Parkade, public art installation by Andrea Tsang Jackson. Photo by Deborah Wong.

In Conversation



July 7, 2023


Andrea Tsang JacksonOne of the lectures at Quilt Canada 2023 was presented by Andrea Tsang Jackson, who was recently commissioned to create a public art installation in Halifax. She titled the project In Conversation, in reference to the stories shared with her by several different craftspeople, whose work and legacies informed her designs. The following is a summary of Andrea’s talk.

Photos by Deborah Wong.

An 8-storey parking garage may not sound like a welcome addition to the neighbourhood, but for quilt designer, educator, and textile artist Andrea Tsang Jackson, “a parking garage is a blank canvas for creative expression.”

The new garage on Summer Street in Kjipuktuk/Halifax, NS, is the first stage of a multi-year rejuvenation project for the QEII Health Services Centre, which serves more than 14,000 people per year. Not everyone was thrilled to hear about its construction, although now that it has been transformed by the Andrea’s artwork, at least one recent visitor to the city mistook it for a local museum.

Parkade, public art installation by Andrea Tsang Jackson. Photo by Deborah Wong.

In 2021, Andrea answered the call for proposals for a public art installation that celebrates the multiple cultural heritage of Nova Scotia. Aside from the architectural and structural challenges, the project became a learning journey for Andrea in terms of ensuring at every stage of the project that each of the cultures and artists represented was honoured with appropriate respect.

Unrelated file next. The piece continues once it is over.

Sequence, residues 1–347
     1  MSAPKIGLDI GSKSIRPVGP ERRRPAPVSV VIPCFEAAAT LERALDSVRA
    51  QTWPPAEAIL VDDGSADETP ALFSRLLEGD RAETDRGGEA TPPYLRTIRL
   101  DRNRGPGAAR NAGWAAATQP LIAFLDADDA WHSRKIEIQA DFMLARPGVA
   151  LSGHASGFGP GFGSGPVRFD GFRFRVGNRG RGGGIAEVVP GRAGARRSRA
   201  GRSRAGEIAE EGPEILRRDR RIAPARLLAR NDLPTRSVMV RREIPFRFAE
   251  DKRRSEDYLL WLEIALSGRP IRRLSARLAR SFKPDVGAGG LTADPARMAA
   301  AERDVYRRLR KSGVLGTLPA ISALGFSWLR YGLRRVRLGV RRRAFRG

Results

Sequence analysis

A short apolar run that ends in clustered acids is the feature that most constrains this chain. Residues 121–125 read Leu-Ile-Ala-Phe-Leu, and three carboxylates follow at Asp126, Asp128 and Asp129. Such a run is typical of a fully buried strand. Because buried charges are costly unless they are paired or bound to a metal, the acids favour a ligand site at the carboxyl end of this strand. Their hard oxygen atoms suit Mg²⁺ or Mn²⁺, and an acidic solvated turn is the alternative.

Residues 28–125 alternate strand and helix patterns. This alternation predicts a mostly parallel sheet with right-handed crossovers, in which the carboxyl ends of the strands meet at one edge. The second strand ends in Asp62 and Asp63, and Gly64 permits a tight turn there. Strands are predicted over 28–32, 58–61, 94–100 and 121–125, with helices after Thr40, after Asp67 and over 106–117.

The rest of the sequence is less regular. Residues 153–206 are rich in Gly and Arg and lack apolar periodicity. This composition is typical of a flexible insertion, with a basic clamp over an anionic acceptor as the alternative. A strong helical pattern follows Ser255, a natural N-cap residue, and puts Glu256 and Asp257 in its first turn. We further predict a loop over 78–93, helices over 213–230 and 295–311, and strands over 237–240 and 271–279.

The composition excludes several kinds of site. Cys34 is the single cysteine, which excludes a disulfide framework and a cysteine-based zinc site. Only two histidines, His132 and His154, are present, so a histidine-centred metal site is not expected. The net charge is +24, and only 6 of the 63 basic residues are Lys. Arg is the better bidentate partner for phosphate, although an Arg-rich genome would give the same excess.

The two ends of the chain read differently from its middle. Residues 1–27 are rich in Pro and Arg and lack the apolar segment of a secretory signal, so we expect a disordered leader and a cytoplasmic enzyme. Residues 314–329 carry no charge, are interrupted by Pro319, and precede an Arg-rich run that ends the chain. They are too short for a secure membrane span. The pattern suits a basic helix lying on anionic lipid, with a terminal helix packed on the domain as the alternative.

Andrea describes the project as an integration of art, architecture, and landscape. Her background in architecture—Andrea holds a Masters of Architecture from McGill University—was a great help in developing the artwork. While the architects of the project determined which materials would be utilized to apply the designs to the exterior of the structure, her experience in the field helped her understand the requirements of where the graphics should be placed and how they would ultimately be hung.

The project is comprised of six different patterned fabric designs, each inspired by a traditional craft practiced in Nova Scotia, and the stories of artists from various cultural backgrounds. For example, one of the designs—a Cherry Basket quilt block—was inspired by the basket-making and quilting practices of African Nova Scotians.

For another design, Andrea was drawn to the work of Ida Simon who makes traditional Mi’kmaw regalia, including a replica beaded jacket you can find at the Nova Scotia Museum. After considering a few options for utilizing a traditional beading motif, Andrea decided that the most respectful way to honour the artist’s work was to copy the design, with permission from the Mi’kmaq Grand Council.

Parkade, public art installation by Andrea Tsang Jackson. Photo by Deborah Wong.

She was very concerned about being exploitive during the process of creating all of the fabric patterns, and particularly of the regional Indigenous culture. Rather than re-interpret the beading work of Mi’kmaw artists, she decided it was best to represent their designs accurately.